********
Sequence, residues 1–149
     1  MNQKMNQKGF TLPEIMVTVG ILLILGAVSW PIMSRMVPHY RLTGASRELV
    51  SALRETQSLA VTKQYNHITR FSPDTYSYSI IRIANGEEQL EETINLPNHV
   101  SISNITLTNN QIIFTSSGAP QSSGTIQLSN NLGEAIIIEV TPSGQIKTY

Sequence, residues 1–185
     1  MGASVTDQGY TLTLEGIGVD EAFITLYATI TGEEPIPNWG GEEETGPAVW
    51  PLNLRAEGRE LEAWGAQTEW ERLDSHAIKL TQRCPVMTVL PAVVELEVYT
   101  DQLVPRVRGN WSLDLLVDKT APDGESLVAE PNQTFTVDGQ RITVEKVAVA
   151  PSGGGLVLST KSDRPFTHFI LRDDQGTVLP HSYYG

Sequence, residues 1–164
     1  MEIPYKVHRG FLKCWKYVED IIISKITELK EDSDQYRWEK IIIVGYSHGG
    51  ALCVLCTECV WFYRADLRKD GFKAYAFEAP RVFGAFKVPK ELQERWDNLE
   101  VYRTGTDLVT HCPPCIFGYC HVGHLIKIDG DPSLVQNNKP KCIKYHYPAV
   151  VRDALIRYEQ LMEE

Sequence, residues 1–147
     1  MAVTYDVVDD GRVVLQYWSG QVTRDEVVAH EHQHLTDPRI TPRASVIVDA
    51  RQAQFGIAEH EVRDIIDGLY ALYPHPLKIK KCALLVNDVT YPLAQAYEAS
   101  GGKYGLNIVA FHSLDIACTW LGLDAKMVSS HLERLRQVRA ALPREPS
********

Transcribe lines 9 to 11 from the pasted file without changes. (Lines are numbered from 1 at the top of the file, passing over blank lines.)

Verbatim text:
   151  PSGGGLVLST KSDRPFTHFI LRDDQGTVLP HSYYG

Sequence, residues 1–164
     1  MEIPYKVHRG FLKCWKYVED IIISKITELK EDSDQYRWEK IIIVGYSHGG